I don’t really know anything about this judge beyond her name but that is a good thing. For this isn’t about any one individual. It is not about any individual judge and their failings or their qualities. It is not about any particular case. It is not, therefore, about the defendant either, who was accused of punching two people in a takeaway.
In all honesty I don’t think I’d like to spend an evening in the company of either judge or defendant. No, this is about the machinery of law. The machinery, if we are being idealistic, of justice.
A judge recently stated in court in Portlaoise that she was ‘sick to the back teeth’ of defendants in her court looking for interpreters in order to fully understand proceedings. In fact she went a lot further than this. The judge stated that these defendants ‘have no need of an interpreter when they go to buy their hooch. They don’t need assistance when they’re signing on for social welfare.’
Fair play to the judge, at least she got to the point quickly. No dancing around the point with this judge. She did her sums quickly.
Interpreter = immigrant = boozer = scrounger.
It almost made me nostalgic. For the good old days of growing up in England where Paddy was a thick drunkard and police and judiciary had no hesitation in reminding him of that. They might also bang him up for eighteen years or so for things he didn’t do but no one would argue there is a link between low level distaste for the immigrant and a willingness to mistreat him or her at the highest level. I mean it does make logical sense and should certainly appeal to someone as clearly adept at sums as the judge but no one could realistically make that link. That would be an Appalling Vista.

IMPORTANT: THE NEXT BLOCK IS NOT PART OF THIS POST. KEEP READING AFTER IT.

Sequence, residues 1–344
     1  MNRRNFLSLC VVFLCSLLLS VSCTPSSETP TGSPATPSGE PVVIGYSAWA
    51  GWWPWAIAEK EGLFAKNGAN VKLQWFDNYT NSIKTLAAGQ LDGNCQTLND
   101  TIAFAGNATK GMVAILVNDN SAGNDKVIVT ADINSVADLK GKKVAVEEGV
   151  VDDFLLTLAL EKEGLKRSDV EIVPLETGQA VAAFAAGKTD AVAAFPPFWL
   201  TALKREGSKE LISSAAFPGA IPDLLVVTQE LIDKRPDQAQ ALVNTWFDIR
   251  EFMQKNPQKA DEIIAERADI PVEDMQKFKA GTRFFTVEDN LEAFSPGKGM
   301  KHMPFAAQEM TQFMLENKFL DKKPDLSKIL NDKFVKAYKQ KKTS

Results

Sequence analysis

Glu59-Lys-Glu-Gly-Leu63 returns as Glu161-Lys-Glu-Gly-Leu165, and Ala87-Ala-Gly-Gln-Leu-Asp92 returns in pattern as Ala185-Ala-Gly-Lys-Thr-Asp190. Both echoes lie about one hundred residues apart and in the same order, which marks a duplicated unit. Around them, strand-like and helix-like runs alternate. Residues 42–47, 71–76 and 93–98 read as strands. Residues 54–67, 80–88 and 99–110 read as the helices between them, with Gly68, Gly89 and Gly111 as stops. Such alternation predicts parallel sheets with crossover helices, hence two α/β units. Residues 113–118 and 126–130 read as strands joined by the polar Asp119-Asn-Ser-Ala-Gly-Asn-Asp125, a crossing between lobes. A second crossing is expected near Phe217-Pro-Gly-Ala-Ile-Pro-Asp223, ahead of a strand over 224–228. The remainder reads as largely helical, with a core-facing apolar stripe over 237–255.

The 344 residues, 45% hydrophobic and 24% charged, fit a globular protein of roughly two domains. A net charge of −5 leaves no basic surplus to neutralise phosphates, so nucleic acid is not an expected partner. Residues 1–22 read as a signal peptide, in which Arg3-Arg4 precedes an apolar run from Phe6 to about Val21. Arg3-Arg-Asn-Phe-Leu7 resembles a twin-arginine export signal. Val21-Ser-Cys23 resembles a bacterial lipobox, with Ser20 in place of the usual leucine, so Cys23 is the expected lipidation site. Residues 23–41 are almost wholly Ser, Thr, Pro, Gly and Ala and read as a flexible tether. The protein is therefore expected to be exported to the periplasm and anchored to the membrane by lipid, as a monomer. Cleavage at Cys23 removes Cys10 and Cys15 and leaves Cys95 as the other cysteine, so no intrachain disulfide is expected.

If there is a defence of the judge’s remarks I’m afraid I don’t have the legal training to find them. The deliverance of justice through the courts of law does indeed seem an often laborious thing. It seems, to the lay person, to take an inordinate amount of time. It is littered with arcane procedures, in Ireland, ironically enough, arcane procedures left over from our previous imperial masters.
Justice labours through bureaucracy. But then law courts are serious places. I can’t imagine they’re places to take short cuts. Decisions made there have serious implications for people’s lives. Very serious implications for everyone involved and their loved ones. The idea that someone facing charges in court should be able to understand what is going on around them, such as what they are being charged with, is a fundamental human right. It is a right afforded by any decent society. Indeed if we have a society that depends upon the rule of law then basic access to the understanding of those laws is not a luxury but a necessity.
I’m not sure if the judge has ever been fed up to the back teeth with the white collar criminals who have cost this country millions and millions. I hope she has because if she hasn’t but has been fed up with those merely costing us interpretation fees then her sums might not be as good as I first thought they were. I worry, too, taking her own words as evidence, that the good judge’s bias against certain sections of our society might impede the practice of justice she is paid to implement. If we consider that the three countries topping the list of court interpretations are Poland, Romania and Lithuania, the further worry is that the Honourable judge might not even understand how the European Union works.
I don’t think it’s going out on a limb to suggest that judges primarily belong to the most economically and socially privileged sections of Irish society. I don’t think it’s going out on a limb to suggest that judges primarily started out in that section of society too. I don’t think either, that their own backgrounds and status in mind, that it is too wild to hope they might be trained in awareness of society and how society works for those, like immigrants for instance, who might appear in front of them. Especially as that is simply their job. Especially as they are getting paid for it. If they can’t instinctively or humanely battle their own social and class prejudices they might be reminded that they are paid to do just that.
And are we still, by the way, going to insist Ireland doesn’t have a class system? Or a strain of chauvinistic nationalism? Despite the evidence?